One of the world’s seven natural wonders, find out more about its fascinating formation and where best to capture the most impressive views, with geology and canyon expert, Tim Wilson.
I believe the Grand Canyon is an absolute must-see on any trip to the United States, particularly if you’re heading to the West. To my mind, it’s a birth right for every single person on earth to see this geological wonder.
I’m a qualified geologist and have worked on the South Rim of the canyon for seven years. The first time I saw the canyon was while working for the conservation corps based out in Flagstaff, Arizona. I fell in love with the canyon and soon decided to pursue a career here. Eager to share my passion with visitors, I began working as a geology expert and Grand Canyon guide.
Insight guests are given something extra special. They are treated to an exclusive introduction by me to the canyon, something that will enhance and enrich their overall experience as they find out more about its five-million-year history. This is not something available to all visitors.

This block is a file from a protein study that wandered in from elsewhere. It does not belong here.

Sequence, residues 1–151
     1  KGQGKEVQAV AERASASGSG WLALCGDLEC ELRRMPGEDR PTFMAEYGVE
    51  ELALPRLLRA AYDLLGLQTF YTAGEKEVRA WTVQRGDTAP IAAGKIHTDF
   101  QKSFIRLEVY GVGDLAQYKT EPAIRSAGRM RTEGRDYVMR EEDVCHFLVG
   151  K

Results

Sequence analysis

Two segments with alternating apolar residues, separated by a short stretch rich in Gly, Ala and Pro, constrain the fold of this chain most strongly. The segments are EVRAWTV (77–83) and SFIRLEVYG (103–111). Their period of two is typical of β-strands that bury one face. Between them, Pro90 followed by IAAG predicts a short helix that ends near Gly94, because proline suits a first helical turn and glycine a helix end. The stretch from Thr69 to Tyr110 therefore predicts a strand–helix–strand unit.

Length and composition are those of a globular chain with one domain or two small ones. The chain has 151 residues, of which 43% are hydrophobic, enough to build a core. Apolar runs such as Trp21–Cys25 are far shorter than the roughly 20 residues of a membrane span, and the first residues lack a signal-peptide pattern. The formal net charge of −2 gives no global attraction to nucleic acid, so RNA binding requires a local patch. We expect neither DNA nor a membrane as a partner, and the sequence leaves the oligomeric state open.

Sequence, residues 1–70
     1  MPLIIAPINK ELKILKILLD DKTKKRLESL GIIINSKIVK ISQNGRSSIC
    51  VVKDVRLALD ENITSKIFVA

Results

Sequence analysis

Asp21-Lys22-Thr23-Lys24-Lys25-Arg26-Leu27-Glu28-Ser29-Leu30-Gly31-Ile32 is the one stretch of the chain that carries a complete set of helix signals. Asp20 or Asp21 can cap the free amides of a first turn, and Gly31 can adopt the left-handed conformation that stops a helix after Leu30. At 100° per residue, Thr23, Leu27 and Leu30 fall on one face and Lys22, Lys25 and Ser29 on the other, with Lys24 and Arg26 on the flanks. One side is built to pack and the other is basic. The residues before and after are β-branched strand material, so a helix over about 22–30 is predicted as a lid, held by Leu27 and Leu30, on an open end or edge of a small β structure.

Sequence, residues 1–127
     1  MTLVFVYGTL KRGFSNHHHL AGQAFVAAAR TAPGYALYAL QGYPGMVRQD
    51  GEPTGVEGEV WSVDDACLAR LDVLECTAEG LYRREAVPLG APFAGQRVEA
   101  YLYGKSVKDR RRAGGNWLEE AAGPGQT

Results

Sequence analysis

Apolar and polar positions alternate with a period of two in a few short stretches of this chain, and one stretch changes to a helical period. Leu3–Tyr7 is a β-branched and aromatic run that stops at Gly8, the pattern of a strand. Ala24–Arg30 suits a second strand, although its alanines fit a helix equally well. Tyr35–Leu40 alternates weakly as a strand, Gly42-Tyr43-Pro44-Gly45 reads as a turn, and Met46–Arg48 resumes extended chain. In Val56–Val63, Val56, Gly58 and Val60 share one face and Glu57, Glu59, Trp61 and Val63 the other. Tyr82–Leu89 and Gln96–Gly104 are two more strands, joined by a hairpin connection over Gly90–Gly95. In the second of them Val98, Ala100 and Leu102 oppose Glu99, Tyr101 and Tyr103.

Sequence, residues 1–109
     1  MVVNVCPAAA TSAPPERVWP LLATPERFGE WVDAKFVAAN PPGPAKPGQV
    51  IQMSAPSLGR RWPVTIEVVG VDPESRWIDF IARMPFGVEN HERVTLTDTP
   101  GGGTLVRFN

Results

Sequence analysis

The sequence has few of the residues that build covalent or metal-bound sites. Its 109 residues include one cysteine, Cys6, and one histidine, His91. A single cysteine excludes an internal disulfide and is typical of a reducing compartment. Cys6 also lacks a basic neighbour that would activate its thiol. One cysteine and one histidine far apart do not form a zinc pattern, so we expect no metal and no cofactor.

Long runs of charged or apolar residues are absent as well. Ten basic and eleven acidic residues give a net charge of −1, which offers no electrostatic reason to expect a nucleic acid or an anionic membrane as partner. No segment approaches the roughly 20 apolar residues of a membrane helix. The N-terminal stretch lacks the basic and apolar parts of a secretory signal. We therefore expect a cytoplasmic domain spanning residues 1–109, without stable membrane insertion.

They will learn about the different forces of geology and more about the two billion years of Earth’s history that is now exposed in the walls of the Grand Canyon, layers of rock formed in ancient oceans, vast sand deserts, and calm coastal environments often teeming with primitive life.
I like to share a few surprising facts about the canyon. For example, one thing a lot of people don’t know is the wealth of biological diversity that the canyon has. Most visitors don’t expect to arrive at a forest when they get here, and they are surprised to learn that the bottom of the canyon is a desert just like Phoenix or Las Vegas. It’s home to over two dozen mammal species, five native fish, eight amphibians and hundreds of birds and reptiles.
Afterwards, Insight guests are treated to a glass of sparkling wine overlooking the Grand Canyon’s South Rim at sunset before sitting down to a Highlight Dinner with a view in the Thunderbird Room of the Thunderbird lodge.